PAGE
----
Tuesday, 14 October 2014

NatWest bank manager gave £830,000 to fraudster without checking who it was 'because he wanted to eat his fish and chips' [News]

  • 1.Umar Mughal, 27, approved bogus transfers at branch in Brentwood, Essex

  • 2.Failed to examine customer's signature to confirm their identity

  • 3.He accessed five different accounts for fraudster posing as 91-year-old

  • 4.He blames 'mistake' on 'negative atmosphere' and 'moaning' colleagues
  • Also suggested error occurred because he was desperate for his lunch

  • 5.He is on trial at the Old Bailey charged with fraud by abuse of position 

  • A NatWest bank manager gave £830,000 to a fraudster posing as a 91-year-old customer 'because he wanted to eat his fish and chips', a court heard.
    Umar Mughal, 27, approved the bogus transfer of the funds at the Brentwood branch in Essex where he worked.
    He allegedly failed to carry out any checks to confirm the identity of the man who came into the branch on May 9 2012 claiming to be a wealthy client.
    Mr Mughal put his error down to the 'negative atmosphere' in the bank, while also claiming that he was trying to have his lunch at the time of the incident. 
    Financial investigator Julia Payne told the Old Bailey that when the bank's system was examined there was no sign that Mr Mughal had confirmed the customer's signature.
    She continued: 'From a banking perspective people working in the branches know we could be targeted by a fraudster and to look at documentation to see if it is genuine.'
    Ms Payne added: 'The computer trail tells us what enquiries have been made in the account.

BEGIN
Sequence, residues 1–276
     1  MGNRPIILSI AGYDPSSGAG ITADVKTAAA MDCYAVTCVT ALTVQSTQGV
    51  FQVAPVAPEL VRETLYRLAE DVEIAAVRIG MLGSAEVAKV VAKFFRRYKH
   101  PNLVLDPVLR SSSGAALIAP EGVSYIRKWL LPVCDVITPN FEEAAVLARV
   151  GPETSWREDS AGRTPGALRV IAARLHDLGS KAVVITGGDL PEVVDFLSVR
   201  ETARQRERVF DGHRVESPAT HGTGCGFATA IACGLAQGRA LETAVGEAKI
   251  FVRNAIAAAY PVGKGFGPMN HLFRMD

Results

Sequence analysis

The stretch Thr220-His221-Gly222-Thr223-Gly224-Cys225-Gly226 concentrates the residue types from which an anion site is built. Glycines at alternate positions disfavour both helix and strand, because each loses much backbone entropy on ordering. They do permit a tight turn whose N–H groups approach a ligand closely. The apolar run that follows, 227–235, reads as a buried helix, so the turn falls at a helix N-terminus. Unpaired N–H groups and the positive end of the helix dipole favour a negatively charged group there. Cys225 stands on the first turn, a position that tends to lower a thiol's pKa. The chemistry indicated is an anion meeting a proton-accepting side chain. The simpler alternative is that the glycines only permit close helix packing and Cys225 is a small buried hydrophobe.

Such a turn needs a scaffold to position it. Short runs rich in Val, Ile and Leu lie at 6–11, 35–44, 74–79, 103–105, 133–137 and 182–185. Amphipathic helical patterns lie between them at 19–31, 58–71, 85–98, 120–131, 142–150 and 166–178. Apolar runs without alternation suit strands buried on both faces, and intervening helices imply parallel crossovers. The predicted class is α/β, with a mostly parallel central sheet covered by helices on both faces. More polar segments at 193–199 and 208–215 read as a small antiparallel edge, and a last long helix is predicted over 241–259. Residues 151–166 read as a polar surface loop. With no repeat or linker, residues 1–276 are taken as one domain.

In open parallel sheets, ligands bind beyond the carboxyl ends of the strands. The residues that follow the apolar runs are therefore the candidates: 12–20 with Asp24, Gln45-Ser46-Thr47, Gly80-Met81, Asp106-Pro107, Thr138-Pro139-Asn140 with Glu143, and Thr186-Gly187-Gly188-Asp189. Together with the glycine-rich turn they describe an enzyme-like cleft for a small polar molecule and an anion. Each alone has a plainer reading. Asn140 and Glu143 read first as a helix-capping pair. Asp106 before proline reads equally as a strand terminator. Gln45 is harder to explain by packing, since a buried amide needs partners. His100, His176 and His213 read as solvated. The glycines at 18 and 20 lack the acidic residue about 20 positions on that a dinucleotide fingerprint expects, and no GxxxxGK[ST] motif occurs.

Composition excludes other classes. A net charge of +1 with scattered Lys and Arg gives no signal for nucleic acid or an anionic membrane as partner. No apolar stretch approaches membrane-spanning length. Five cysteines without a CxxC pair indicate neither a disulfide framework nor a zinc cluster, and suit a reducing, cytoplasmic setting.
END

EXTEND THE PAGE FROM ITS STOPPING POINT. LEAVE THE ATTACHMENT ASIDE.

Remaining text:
'As soon as Mr Mughal sat down he entered the sort code and account number.
    'I would have expected to see a signature enquiry as that's how Mr Mughal told me he identified the customer.
    'But the first thing after that is the funds transfer.'
    She said: 'There is no looking into the account for signatory or anything of the kind.'
    Prosecutor Fer Chinner said: 'The man comes into the branch and the transfers are made by Mr Mughal.
    'Mughal logs on to the computer system at 14.07 and logs off at 14.34.'

    She said that Mr Mughal accessed five different accounts during the session and transferred the money into one account.
    Jurors heard £70,000 was taken from the first account, £10,325 from the second, £73,300 from the third, £23,100 from the forth and £76,600 from the final account.

    The suspicious activity was spotted by the customer's private banking manager the following day who raised the alarm, it is said.
    Ms Payne said: 'The customer had a private banking manager, customers with large balances as he had would have a banking manager.

    'He noticed the large number of transfers the next day.'
    She added: 'He first contacted the branch and spoke to Mr Mughal to find out what had happened.
    'Mr Mughal explained that the customer had come in.'
    Mr Mughal was investigated by the bank and claimed during an interview on May 10 2012 that he had 'made a mistake', the court heard.
    He allegedly tried to blame his colleagues for 'moaning all day' and creating a 'negative atmosphere'.
    During questioning, he said: 'I've done one stupid little thing which for me was a stupid thing but for the bank was massive.
    'I never make the same mistake twice and unfortunately this mistake was big.'
    He added: 'When it comes to this transaction do I want to put it on here that I gave £800,000 to someone else because I wanted to eat my fish and chips?'
    Ms Payne asked him: 'Is that why?'
    Mr Mughal replied that he wanted to take his break and 'ignored' the procedure for customer identification.
    He added: 'I just wish I could turn back time and do my job again like I normally do.'
    Mr Mughal, of Walthamstow, east London, denies fraud by abuse of position.
    The trial continues.

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